“Never complain, never explain” is a familiar royal refrain. This is supposedly the motto they adhere to where the media is concerned – to rise above it, to not acknowledge, and this is what Prince Harry and Meghan Markle said they were told when they were targeted (and still are) by the British tabloids; palace leadership told them to just ignore it, grit through it, even though there were many occasions when the palace did, selectively, address inaccurate reports for other members of the family.
This week, The Guardian published a report on Buckingham Palace’s past hiring protocols, as filed documents reveal the “Queen’s ongoing exemption from race and sex discrimination laws”.
“The Queen’s courtiers banned “coloured immigrants or foreigners” from serving in clerical roles in the royal household until at least the late 1960s, according to newly discovered documents that will reignite the debate over the British royal family and race.
The documents also shed light on how Buckingham Palace negotiated controversial clauses – that remain in place to this day – exempting the Queen and her household from laws that prevent race and sex discrimination.
The papers were discovered at the National Archives as part of the Guardian’s ongoing investigation into the royal family’s use of an arcane parliamentary procedure, known as Queen’s consent, to secretly influence the content of British laws.”
This isn’t the first time the Queen’s consent has come up this year. I posted about it back in February when it was reported that the procedure may have been invoked to help the royal family obscure their wealth – which speaks to transparency, an issue that’s of paramount importance considering that the British royal family receives public funding. And in this case, the racial bias hiring details relate to a discussion that’s come up about racism in the royal family after what the Sussexes told Oprah during the Television Event of the Year.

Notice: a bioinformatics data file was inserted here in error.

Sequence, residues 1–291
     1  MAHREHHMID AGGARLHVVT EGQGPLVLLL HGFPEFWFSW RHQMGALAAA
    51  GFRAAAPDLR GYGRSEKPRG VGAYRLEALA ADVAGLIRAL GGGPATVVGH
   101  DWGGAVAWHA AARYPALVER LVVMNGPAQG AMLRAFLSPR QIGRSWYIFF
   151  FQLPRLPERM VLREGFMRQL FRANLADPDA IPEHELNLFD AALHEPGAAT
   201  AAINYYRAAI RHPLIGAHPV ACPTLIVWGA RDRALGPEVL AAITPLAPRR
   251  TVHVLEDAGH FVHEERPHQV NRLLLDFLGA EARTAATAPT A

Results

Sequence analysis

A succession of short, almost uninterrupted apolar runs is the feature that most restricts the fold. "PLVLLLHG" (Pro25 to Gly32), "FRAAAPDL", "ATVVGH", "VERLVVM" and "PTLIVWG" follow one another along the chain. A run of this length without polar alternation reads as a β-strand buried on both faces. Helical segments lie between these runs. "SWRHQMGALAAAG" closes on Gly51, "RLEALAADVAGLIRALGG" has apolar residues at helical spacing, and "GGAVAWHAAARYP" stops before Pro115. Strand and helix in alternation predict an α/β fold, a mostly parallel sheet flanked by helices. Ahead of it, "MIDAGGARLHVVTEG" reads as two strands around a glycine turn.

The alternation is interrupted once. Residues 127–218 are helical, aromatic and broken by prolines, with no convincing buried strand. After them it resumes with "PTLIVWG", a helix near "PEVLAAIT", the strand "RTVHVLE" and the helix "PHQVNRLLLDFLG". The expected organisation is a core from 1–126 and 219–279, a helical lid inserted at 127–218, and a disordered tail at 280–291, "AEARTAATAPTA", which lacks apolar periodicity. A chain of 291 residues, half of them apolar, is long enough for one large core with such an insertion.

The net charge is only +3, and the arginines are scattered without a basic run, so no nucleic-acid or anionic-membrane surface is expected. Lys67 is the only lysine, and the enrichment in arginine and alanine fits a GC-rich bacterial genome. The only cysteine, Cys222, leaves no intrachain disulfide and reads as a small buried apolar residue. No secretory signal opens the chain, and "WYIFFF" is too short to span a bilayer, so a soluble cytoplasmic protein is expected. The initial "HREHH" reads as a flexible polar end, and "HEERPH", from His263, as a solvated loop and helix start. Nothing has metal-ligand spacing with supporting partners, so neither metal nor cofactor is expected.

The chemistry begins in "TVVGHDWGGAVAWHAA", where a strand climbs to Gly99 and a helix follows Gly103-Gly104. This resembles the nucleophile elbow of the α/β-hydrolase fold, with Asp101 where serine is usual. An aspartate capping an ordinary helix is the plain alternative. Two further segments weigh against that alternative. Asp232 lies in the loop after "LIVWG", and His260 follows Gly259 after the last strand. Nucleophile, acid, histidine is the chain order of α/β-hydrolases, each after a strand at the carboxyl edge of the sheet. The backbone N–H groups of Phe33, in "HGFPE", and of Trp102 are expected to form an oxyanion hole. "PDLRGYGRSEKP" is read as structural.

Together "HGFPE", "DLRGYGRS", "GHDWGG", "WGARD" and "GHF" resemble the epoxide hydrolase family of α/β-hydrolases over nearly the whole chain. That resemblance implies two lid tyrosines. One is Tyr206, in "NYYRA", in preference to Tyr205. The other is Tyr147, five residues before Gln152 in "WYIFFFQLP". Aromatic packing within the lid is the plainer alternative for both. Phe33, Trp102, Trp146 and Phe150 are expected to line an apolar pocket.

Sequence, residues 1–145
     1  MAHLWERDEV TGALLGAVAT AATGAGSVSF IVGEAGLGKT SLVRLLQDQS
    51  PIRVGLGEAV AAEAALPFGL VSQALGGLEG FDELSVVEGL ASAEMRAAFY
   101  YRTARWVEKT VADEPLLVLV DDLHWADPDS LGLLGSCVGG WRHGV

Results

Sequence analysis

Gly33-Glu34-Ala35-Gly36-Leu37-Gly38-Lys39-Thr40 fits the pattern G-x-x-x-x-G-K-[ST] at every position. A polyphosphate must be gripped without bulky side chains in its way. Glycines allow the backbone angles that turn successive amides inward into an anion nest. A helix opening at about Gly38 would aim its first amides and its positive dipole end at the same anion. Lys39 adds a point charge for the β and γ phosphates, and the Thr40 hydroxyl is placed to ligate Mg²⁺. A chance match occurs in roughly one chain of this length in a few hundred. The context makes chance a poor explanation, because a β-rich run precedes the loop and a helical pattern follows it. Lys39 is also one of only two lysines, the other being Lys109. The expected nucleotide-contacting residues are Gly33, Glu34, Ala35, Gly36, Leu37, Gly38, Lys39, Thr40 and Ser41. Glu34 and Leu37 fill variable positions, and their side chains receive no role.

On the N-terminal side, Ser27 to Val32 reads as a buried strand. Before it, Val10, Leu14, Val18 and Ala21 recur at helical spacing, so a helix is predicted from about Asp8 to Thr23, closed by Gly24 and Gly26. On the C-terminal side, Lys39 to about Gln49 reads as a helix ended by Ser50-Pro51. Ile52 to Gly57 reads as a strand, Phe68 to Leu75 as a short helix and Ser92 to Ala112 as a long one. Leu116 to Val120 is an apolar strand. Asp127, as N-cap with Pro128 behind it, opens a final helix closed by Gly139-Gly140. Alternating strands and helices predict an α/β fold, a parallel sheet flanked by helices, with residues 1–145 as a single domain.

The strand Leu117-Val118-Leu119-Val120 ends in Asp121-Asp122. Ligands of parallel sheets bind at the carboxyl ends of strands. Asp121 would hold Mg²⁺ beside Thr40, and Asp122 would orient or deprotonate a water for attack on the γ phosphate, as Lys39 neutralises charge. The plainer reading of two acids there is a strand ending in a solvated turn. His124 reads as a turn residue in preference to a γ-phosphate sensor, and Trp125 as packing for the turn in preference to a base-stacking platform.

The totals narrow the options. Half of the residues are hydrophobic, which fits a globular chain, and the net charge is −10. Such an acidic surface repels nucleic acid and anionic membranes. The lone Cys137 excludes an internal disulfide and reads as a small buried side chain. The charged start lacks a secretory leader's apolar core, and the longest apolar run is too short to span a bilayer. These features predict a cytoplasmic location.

All of these issues combined contribute to a bigger conversation about relevance of the monarchy, and whether or not in these times of intended progress this is a family that can actually keep the f-ck up. And/or whether or not they even want to.
Anyway, the people who “never complain, never explain” have now complained and explained.
A Buckingham Palace spokesperson has dismissed claims made by the @Guardian, pointing out that the royal household complies with the Equality Act in both principle and practice: pic.twitter.com/VVxBULUYkh— Omid Scobie (@scobie) June 3, 2021
Sure, but who really checks in on them? It’s not like they’re subject to inspection or review. Still, the fact that the royals are complaining and explaining means they’re feeling the heat. Although, naturally, they’re getting an assist from members of the royal rota, aka The Cartel (as Harry and Meghan call them) whose job it is to actually report on the British royal family but who haven’t given this story much attention – and it’s a story that speaks to the value of the royal family and its place a society that it claims to represent.
You know what the British royals are really good at though? Glamourising. And so, just as The Guardian’s story about the hiring practices inside the royal institution came out, Buckingham Palace released details about the Queen’s upcoming platinum jubilee next year. There’s going to a four-day long weekend in June 2022. A live concert is being planned. She’s going to the races. It’s going to be days and days of razzle dazzle to mark her 70th year as the monarch. So don’t look too closely at the colonial past of the family and how that might reflect on their contributions in the coming 70 years. All that matters is that everyone gets an extra few days off work and please enjoy the display of pomp and circumstance.